Tips for Budgeting in HOAs & Condominium Associations

Daniel A. Weber

Creating a budget is one of the primary and most important functions that any community association board does during its tenure. The budget will serve as the guideline to determine the dollar amount owners are charged to live in their communities. There are differing obligations to consider when budgeting for a Homeowners Association (HOA) versus a Condominium Association. Today, we will discuss the differences and offer tips when creating your own community association budget. Let’s start with HOAs. HOA budgets are often a bit simpler than those for condominium associations. That is because HOA budgets normally do not require reserves. Reserves refer to funds set aside for future capital expenses and major repairs or replacements of common property or assets within the community.  Unless members of the association have voted to create reserve accounts, or the original developer of the property put reserves in the HOA’s Declaration of Covenants, Conditions, and Restrictions (CC&R) – commonly referred to as simply the “declaration” – reserves are not mandatory for HOAs. However, if the HOA votes to put money away for future capital expenses, or defer line items (like maintenance), they have that option. Unlike condominium associations, HOAs are not limited or hamstrung by Florida’s Reserve Statutes, which require specific line items in the condo’s budget. For HOAs, the reserves are more like a savings account to use at the board's discretion. One of the misconceptions of the budgeting process is going into it with the intention of trying to hit a target assessment mark. Members may get in the mindset of trying to raise or lower assessments or reach a specific number, like deciding we want $400 a month assessments, then trying to figure out how to get there. Whether for HOAs or condominium association, that's really not how budgets are supposed to work.  Budgets are estimations of expected expenses for the upcoming year that are created in order to derive a necessary revenue stream. The idea is to put all of your expected expenses into a basket, itemize them through your budget, the sum of which the necessary amount of revenue you...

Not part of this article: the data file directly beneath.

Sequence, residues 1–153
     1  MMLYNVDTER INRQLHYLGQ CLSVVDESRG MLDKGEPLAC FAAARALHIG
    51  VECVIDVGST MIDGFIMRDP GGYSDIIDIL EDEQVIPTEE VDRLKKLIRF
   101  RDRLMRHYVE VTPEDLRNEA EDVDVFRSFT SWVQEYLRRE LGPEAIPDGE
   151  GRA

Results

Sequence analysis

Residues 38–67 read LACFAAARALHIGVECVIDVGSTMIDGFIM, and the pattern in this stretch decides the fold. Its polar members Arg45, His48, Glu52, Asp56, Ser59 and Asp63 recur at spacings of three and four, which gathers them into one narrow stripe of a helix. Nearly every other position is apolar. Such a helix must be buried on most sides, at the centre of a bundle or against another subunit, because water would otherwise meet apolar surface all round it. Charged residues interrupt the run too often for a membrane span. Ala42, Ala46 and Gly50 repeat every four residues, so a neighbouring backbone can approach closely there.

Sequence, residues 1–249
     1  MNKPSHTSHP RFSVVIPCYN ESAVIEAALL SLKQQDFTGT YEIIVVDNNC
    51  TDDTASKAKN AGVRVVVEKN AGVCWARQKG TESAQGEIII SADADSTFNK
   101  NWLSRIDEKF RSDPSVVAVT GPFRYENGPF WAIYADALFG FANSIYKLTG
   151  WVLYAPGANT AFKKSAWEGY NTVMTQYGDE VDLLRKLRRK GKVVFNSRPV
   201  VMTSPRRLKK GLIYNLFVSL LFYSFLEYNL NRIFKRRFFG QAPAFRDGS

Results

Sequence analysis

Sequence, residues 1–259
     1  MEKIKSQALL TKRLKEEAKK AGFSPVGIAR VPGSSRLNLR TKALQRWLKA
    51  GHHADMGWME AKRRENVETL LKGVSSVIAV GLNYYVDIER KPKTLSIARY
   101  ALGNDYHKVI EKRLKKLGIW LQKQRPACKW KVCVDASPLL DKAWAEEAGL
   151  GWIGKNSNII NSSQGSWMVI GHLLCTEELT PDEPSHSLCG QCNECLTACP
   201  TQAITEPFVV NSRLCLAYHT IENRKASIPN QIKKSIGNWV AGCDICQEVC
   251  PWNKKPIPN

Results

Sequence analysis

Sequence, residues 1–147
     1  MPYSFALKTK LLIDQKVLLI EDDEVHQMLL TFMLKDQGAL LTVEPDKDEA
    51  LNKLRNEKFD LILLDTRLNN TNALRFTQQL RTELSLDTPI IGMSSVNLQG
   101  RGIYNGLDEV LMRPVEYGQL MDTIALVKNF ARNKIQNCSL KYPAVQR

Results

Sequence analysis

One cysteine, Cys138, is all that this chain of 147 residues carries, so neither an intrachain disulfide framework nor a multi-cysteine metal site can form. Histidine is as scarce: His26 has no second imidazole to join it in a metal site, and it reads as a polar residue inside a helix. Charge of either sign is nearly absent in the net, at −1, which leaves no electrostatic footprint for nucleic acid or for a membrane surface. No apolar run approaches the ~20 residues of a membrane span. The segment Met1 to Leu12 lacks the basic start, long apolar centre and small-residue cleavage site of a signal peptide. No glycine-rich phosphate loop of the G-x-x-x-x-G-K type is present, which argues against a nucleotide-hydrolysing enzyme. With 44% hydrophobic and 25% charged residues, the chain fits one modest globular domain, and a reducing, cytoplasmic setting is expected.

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New Building Inspection Requirements


The proverb “time and tide wait for no man” may be true, particularly regarding the impact of the sunny, salty, and windy conditions on structures along Florida’s coasts.  However, a recent law requiring periodic inspections of buildings will help protect community associations and the millions of people who live in condominium units from the harsh reality revealed by that expression.  These new safety measures may impact associations’ finances but careful planning ahead should mitigate against any severe impact on condominium unit owners.  Recently, and almost a year after the catastrophic collapse of Champlain Towers South in Surfside, Governor DeSantis signed into law requirements, unanimously approved by both chambers of the legislature for periodic inspections based on the age and location of buildings and for association condominium boards to set aside sufficient reserve money to cover future repairs.  Though the law took effect on May 26th, condominium buildings within the “milestone” age requirements have until December 31, 2024, to comply with the inspection requirements.  The milestone requirements apply to condominium buildings three (3) stories or higher and require that the following be re-certified as safe: (i) all buildings thirty years old or older; and (ii) those buildings at least twenty-five years old and within three (3) miles of the coast.  Every ten (10) years after that, all buildings to which the statewide structural inspection program applies must be re-certified again.  Generally, initial milestone structural inspections must be conducted by December 31st of the building’s 30th or 25th year based on the date the certificate of occupancy for the building was issued and depending upon its location in relation to the coast.  The new laws will not apply to most Chapter 720 Homeowners Associations provided that none of the structures within the community are three (3) stories or higher. There are two (2) phases for mandatory inspections.  If a visual inspection by a licensed engineer or architect reveals no signs of substantial structural deterioration, no further action is necessary until the next required inspection.  However, if structural deterioration is detected, a second phase of more thorough testing is required.  Such inspections may potentially...

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